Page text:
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Old Mar 16, 2008, 9:11 AM   #11
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Hi guys, thanks for the overwhelming response and support here.

The camera would be used by me for walkaround, and by my wife for taking photos of our daughter.All her friends have the 50mm for flash-free indoor shots, so I guess we have to get one too. If the 50mm wasn't so important, I'd probably go for the nikon d60 w. the 18-135.

Now I have to consider if the f1.4 50mm is worth the extra expense over the f1.8 50mm.

I'm thinking of getting a sigma EF-500 DG STflash to go with the camera.

Thanks again!
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Old Mar 16, 2008, 9:27 AM   #12
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kent:_kurt wrote:
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Now I have to consider if the f1.4 50mm is worth the extra expense over the f1.8 50mm.
That's half an f-stop (or .5 EV) more for better low light performance, plus less depth of field than the f/1.8 wide open. Besides being nice to have, you can one-up all your wife's friends. That might be worth its weight in gold. [suB]:-)[/suB]

kent:_kurt wrote:
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I'm thinking of getting a sigma EF-500 DG STflash to go with the camera.
And there's no rule that says you can't use a flash with fast lenses.
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Old Mar 16, 2008, 10:22 AM   #13
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TCav wrote:
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kent:_kurt wrote:
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Now I have to consider if the f1.4 50mm is worth the extra expense over the f1.8 50mm.
That's half an f-stop (or .5 EV) more for better low light performance, plus less depth of field than the f/1.8 wide open.
Not only that, but the 1.4 has better IQ and better bokeh. But, you also have to determine if 50mm is the right focal length for your indoor shots. That's 75-80mm on a 1.5 or 1.6 crop camera. That can get pretty tight depending on the types of shots you want. So, it's also worth considering a wider lens in addition to the 1.4 over 1.8.

Still, the reason so many people use the 50mm 1.8 is it's $75. That's a tremendous bang-for-the-buck.
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Old Mar 17, 2008, 3:13 AM   #14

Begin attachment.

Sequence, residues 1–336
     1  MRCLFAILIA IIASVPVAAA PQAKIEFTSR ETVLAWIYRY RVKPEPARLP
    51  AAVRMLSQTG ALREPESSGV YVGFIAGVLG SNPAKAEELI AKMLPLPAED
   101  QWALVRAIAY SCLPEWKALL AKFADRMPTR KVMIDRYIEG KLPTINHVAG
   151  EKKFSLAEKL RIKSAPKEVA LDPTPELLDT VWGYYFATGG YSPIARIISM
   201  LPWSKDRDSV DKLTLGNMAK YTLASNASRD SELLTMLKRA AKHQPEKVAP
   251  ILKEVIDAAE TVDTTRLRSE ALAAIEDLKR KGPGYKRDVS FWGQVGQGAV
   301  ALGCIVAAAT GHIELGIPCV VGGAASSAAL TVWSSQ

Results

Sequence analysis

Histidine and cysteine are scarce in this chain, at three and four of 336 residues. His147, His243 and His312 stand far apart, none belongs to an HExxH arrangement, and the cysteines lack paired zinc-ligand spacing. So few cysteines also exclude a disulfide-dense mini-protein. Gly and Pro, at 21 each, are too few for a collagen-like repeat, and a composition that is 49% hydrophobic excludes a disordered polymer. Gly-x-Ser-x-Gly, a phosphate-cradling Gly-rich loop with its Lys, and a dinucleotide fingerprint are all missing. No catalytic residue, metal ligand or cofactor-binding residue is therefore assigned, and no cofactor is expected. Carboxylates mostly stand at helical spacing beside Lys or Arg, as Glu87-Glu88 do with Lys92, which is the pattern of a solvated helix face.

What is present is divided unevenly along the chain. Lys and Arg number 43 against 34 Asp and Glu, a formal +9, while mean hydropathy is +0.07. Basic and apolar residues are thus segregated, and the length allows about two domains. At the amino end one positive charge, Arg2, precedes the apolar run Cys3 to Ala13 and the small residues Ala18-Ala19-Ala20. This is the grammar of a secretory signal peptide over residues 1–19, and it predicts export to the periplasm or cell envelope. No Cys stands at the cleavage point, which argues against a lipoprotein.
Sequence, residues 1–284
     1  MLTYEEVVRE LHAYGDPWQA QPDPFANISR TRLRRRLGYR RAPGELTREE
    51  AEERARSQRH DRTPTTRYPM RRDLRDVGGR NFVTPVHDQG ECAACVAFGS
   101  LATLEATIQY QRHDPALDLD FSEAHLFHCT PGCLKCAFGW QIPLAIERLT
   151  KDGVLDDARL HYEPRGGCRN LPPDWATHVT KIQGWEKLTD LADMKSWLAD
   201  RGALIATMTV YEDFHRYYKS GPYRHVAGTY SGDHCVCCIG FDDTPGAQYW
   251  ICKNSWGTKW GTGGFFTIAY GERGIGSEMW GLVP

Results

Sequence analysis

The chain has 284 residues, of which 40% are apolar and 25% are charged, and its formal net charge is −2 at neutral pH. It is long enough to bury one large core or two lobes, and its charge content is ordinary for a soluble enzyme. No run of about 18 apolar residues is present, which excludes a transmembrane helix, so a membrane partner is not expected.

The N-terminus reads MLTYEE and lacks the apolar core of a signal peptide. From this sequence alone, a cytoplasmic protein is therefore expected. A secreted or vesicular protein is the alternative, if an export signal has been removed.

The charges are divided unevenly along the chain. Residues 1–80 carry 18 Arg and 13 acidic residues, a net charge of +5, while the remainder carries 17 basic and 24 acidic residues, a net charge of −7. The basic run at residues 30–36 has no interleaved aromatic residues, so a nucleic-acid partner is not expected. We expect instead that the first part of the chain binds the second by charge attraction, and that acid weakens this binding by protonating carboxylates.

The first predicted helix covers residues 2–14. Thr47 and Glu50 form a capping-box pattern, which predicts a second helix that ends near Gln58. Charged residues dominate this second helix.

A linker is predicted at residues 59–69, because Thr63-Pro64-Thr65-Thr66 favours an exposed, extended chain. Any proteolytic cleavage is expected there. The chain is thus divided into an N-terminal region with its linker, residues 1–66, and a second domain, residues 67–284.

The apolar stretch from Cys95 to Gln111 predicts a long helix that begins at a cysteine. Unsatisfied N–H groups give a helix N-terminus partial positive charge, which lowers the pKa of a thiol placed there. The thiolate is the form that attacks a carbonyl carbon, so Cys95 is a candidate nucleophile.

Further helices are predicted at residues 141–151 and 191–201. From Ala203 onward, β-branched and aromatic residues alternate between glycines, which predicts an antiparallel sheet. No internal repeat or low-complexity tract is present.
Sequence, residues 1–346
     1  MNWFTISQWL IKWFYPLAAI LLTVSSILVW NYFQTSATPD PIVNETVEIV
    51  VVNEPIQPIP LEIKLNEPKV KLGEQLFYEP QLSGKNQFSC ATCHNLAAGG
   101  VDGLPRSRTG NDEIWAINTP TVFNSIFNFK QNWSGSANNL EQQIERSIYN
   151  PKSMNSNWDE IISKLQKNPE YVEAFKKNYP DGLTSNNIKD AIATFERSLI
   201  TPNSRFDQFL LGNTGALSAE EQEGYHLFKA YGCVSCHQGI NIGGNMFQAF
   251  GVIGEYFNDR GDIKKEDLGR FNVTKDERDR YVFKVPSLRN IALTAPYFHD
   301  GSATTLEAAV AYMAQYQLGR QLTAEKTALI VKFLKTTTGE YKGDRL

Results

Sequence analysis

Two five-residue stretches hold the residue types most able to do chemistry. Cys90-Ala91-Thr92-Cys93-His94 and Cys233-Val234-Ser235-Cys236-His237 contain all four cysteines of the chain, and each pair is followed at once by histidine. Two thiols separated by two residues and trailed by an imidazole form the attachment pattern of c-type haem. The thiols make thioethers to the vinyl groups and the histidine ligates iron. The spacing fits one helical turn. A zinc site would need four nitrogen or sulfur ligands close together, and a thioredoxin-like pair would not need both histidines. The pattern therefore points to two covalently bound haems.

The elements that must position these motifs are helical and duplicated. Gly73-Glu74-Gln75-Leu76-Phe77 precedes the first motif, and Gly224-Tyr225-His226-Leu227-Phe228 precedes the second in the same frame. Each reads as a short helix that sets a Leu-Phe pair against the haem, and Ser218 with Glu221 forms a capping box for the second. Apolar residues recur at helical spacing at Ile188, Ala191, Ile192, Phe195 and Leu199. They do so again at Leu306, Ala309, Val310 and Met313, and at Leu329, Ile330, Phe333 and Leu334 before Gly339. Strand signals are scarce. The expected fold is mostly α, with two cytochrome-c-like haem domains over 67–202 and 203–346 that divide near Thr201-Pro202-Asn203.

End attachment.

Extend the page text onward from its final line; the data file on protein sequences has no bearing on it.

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TCav is correct.

The standard (35mm equivalent) length for "portrait" photography is around 80 to 200mm. This is of course for tight head and shoulders or head only shots. The longer focal length allows you to get in tight without getting too close to the subject and risking unwanted distortion.

Consider two of the world's greatest portrait photographers Steve McCurry and Annie Liebowitz. Steve McCurry works mostly at around the 85mm (equivalent) focal length. It's not so long that he can't get any background in the frame if he wants to but long enough that he can get in fairly tight. Of course it's worth noting that many (even most) of his pictures are of children so for adults he often prefers something like a 50mm equivalent. But contrast that with Annie Liebowitz. She uses much wider angle lenses as her portraits generally cover the whole body of the person and some of their environment too, typically the room in which they are sitting. She will very often use a 28 or 35mm equivalent wide-angle lens. (Equivalent is very relevant because she often uses medium format cameras.)

So I despair a little when people say that ~80mm is the "right" length for "portrait" photography. Actually there are a wide range of focal lengths that can be used to great effect depending on the style of the photographer. My personal favourite is 50mm (equivalent). But then I'm a 50mm (equivalent) fanatic and have the view that you can do just about anything with a standard lens.

I would second John's recommendation that if you can afford it (and you like the 50mm focal length on a crop camera) then the 50mm f1.4 is a very nice lens. It's better built, has better optical properties, much faster AF. But of course it is more expensive.

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